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Inside The NBA

Dec. 17, 2001
Dec. 17, 2001

Table of Contents
Dec. 17, 2001

Catching Up With...

Inside The NBA

Back the Hardaway
After being sidelined last season, Penny Hardaway is sparking the
Suns' attack

This is an article from the Dec. 17, 2001 issue Original Layout

The early favorite for the 2002 Comeback Player of the Year
Award is Suns guard Penny Hardaway, who early last summer was
contemplating retirement. "I was going to give myself until
mid-August," says the 30-year-old Hardaway, who despite four
operations on his left knee in four years, was averaging 18.6
points, 5.2 rebounds and 4.8 assists at week's end.

Hardaway missed all but four games last season, and on occasion
the rust still shows. He has spent extra hours in the gym with
freelance shooting coach Buzz Braman to improve his touch; a
career 47.2% shooter, he was hitting only 42.1% from the floor
through Sunday. Last Friday in Boston he went 6 for 23 from the
field, with nine turnovers. At the end of regulation Hardaway
also failed to block out Antoine Walker, whose tip-in propelled
the Celtics to a 109-102 overtime victory.

Two nights later in Toronto, though, Hardaway scored a team-high
27 points and hit a layup at the buzzer to beat the Raptors
91-90 and lift Phoenix to 13-9. The Suns have had to adjust not
only to the return of Hardaway but also to the absence of Jason
Kidd, who went to the Nets for Stephon Marbury in an off-season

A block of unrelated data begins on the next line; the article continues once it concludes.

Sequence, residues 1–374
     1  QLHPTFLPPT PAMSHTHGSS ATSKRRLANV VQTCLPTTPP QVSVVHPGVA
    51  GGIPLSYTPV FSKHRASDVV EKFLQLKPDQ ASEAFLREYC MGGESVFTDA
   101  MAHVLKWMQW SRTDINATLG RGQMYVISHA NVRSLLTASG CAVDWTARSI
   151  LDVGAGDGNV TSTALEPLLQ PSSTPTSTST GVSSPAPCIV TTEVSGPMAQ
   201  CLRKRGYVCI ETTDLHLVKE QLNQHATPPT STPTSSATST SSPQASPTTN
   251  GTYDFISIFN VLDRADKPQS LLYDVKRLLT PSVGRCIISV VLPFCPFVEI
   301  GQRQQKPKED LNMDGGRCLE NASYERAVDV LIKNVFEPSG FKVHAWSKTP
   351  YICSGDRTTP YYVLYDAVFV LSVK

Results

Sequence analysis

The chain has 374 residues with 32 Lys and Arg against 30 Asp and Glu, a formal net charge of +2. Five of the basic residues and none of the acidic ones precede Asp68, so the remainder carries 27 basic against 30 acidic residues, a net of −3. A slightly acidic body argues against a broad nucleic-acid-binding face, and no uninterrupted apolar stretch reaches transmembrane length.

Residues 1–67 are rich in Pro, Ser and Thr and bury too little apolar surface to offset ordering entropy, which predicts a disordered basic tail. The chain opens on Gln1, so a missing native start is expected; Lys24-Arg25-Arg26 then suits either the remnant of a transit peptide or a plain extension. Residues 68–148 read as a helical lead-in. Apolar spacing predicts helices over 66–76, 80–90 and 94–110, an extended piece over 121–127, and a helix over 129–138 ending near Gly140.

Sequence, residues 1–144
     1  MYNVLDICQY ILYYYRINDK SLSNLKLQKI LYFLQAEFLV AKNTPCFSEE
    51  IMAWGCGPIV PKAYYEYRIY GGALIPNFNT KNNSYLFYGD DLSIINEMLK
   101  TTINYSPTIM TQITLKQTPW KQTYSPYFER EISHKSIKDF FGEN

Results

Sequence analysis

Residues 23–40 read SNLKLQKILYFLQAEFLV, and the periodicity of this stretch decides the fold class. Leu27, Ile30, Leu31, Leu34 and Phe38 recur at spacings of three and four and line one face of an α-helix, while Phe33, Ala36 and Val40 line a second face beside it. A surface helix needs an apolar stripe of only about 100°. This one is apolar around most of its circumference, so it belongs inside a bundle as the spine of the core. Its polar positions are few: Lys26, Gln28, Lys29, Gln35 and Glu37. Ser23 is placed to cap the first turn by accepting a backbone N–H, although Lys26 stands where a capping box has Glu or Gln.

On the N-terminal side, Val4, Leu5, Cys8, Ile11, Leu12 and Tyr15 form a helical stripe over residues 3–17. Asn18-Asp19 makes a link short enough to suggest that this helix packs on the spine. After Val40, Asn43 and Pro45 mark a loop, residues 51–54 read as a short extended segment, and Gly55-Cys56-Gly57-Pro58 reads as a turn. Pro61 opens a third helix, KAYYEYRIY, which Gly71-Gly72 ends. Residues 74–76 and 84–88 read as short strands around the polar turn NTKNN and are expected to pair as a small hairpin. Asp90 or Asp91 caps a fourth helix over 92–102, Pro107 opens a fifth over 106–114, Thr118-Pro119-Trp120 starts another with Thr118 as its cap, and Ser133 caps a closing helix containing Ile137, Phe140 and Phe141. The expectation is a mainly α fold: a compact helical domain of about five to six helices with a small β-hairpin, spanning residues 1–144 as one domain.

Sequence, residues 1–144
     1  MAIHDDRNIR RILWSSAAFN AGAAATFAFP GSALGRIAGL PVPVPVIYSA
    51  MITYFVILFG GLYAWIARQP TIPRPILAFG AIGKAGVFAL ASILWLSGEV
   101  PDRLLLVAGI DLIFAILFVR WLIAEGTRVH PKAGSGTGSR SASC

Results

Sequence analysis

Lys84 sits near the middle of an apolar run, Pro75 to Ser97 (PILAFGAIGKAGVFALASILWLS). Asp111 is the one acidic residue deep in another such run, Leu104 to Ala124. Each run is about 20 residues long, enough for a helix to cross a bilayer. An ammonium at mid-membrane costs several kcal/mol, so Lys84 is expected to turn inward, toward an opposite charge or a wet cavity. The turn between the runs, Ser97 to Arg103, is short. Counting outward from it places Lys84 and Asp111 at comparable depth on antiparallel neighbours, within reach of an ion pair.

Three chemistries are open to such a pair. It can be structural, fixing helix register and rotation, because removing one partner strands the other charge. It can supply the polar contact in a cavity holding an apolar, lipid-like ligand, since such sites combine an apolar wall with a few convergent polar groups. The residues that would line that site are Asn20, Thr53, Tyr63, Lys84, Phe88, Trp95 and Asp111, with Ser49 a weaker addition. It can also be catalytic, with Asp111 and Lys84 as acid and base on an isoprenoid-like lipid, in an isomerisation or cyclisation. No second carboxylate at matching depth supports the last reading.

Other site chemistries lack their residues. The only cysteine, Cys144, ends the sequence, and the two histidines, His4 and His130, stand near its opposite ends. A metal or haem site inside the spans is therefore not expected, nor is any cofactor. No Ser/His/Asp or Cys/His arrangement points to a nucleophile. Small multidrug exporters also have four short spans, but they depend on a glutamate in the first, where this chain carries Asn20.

swap of point guards. While Marbury is a less willing and able
passer than Kidd, the team's backcourt could be more explosive
than it was a year ago. Backup Tony Delk scored 53 points
against the Kings last season, and like Hardaway, he can play
the one or the two.

Hardaway predicts the guards won't gel until the second half of
the season, in part because Marbury keeps dropping back to bring
the ball upcourt instead of running out on the break. "He still
hasn't gotten the rhythm down," says Hardaway. "He's not in New
Jersey. He doesn't have to have the ball all the time."

Adds coach Scott Skiles, "Penny has a tendency not to run too. I
want to see both of them running the floor better."

If the Suns do commit to the fast break, they could become one
of the league's most exciting and dangerous clubs. No such sunny
forecasts would be possible, however, without the reemergence of
the 6'7" Hardaway, who twice underwent surgery in 2000 to clean
out his knee. After a brief return ended in failure this past
January, Phoenix began to ponder a future without him. According
to the NBA's complex financial rules, the Suns could have
cleared their salary cap of the remaining four years and $56.3
million of Hardaway's contract if he had retired after appearing
in 11 or fewer games this year. "I was made aware of that, but I
never cared," says Hardaway, who would have been paid regardless.

He proved he was serious about his comeback by playing in two
summer leagues and spending a month in daily workouts with
Michael Jordan and friends in Chicago. That hard work has given
perspective to a player who used to take his athleticism for
granted. "People dog you about not playing," he says, "but
nobody ever understands how you feel or what you're going
through to get yourself ready to play again."

End of an Era for the Knicks
Van Gundy Calls Abrupt Timeout

New York coach Jeff Van Gundy walked into an Atlanta hotel bar
last month with a couple of his assistants and parked in front
of a big-screen TV to watch the Celtics play the Heat. As the
game approached its conclusion--a Boston victory at the
buzzer--Van Gundy began to pace. When Miami failed to call a
timeout at a critical juncture, Van Gundy frantically signaled
for one, making at T with his hands. Realizing that what he'd
done wasn't quite appropriate, he turned his palms inward, and